Despite all evidence, it took the jury all of three hours to announce guilty verdicts and doom both Sacco and Vanzetti to the electric chair. The whole thing was barbaric and rigged. Openly biased against them, the case’s judge, Webster Thayer, pushed to be assigned the case. He wanted to ensure they “got what they deserved.”
As an artist, Shahn had always wanted to live in a grand political time, his Italian Renaissance Crucifixion moment, to have something essential to paint in the wake of justice crumbling. Here was his Caravaggio Saint Peter. In drawings and prints, tempera and gouache, throughout the 1950s, Shahn returned to Sacco and Vanzetti as subjects repeatedly.
In Syracuse, he composed three connected mosaic panels made from shards of glass and marble tiles. The panel on the far left contains five solemn men standing together, arm in arm. Their stares are glazed, their eyes are glassy, shoulders heavy beneath their dark suits. These men are workers, most likely immigrants, new Americans. This could have been the fate of nearly any of them. Many felt that all that followed the murders in South Braintree was orchestrated to stoke the anti-Italian sentiment that had already been bubbling. It’s an amazing thing to look back nearly a century later to see that the same worries, the same combination of economic anxieties, cultural clashes, and stereotyping that was happening then make the same pot of prejudice stew today.
However, instead of deterring the Italian community, the case galvanized them in many ways. It directly led to stronger labor unions, with protests and riots erupting in 18 countries, leading to the three-day international worker’s walkout in August 1927. The New Republic called them “the two most famous prisoners in the world.” Shahn’s workers held up blank picket signs, each day bringing another miscarriage of justice cast on those new to this country.
The central panel focuses on a gigantic Sacco and Vanzetti, symbolizing morality, honor, and strength. Dressed in black suits, overcoats, and top hats, we almost miss the thin chain gripping them together, handcuffing them close. Vanzetti’s head is titled up, at peace. Sacco proudly meets the gaze of any onlookers. Their shadows soar towards the courthouse in the distance. Behind them stands a miniature Massachusetts Governor Alvan T. Fuller reading the verdict that sealed the defendant’s fate. Later, in the final panel, as Sacco and Vanzetti lay peacefully in their caskets, the Governor’s Advisory Committee, which reviewed last-minute appeals for clemency with eyes shut tight and hands covering ears, loomed over their bodies. The three men (Samuel Stratton, the president of MIT; Lawrence Lowell, Harvard’s president; and Robert Grant, a retired judge) represented the highest echelons of Boston’s ruling class establishment, which had little appetite for the immigrant’s radical ideals. Standing over the coffins, Shahn depicts two committee members offering the dead white lilies, a Christian symbol of virtue. This suggests the committee knew the defendants were sacrificial lambs, executed for challenging the pre-eminence of American principles. This empty symbol of grief is rendered as a sham.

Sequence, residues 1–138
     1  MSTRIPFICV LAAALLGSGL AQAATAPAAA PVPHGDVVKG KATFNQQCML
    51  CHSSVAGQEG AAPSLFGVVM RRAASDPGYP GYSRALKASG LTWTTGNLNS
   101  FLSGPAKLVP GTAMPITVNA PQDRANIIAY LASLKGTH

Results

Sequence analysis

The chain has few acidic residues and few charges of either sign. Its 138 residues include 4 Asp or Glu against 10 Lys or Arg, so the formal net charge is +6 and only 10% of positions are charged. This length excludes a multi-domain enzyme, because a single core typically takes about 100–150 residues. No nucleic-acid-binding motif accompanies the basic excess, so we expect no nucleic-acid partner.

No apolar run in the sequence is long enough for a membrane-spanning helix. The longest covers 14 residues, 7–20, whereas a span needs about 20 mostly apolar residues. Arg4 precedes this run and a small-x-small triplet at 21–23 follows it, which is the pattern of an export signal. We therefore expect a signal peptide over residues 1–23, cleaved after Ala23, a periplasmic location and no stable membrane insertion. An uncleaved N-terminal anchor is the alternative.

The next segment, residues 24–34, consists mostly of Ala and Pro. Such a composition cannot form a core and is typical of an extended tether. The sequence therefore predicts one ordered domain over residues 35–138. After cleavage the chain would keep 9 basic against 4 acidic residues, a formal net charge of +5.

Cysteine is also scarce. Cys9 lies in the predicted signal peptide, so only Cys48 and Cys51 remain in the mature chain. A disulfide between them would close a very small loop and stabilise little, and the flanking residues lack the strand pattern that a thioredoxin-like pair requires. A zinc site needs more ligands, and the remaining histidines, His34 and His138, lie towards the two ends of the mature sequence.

This work living on campus at a private institution taught me so much about possibility. Art was the welcoming, an invitation to a place otherwise off-limits. Shahn invited us through the door to investigate Sacco and Vanzetti, to celebrate and mourn their often-forgotten histories. We often hear history being doomed to repeat itself while simultaneously being shown that Nativism and stoking fears of migrant caravans are just as effective and destructive today. This mural acts as a challenge. Sure as the snow flies, this mosaic mural and sparkling broken tiles remain to light the path forward on those dark nights.
Standing before this work, I always fixate on Shahn’s mosaic text of Vanzetti’s eloquent summary to a journalist months before the executions: “If it had not been for this thing, I might have lived out of my life talking at street corners to scorning men. I might have died, unmarked, unknown, a failure. Now we are not a failure. This is our career and our triumph. Never in our full life can we hope to do such work for tolerance, justice, and man’s understanding of man as now we do by accident. Our words, our lives, our paint, Nothing! The taking of our lives, lives of a good show maker & a poor fish peddler, All! That last moment belongs to us. That agony is our triumph.”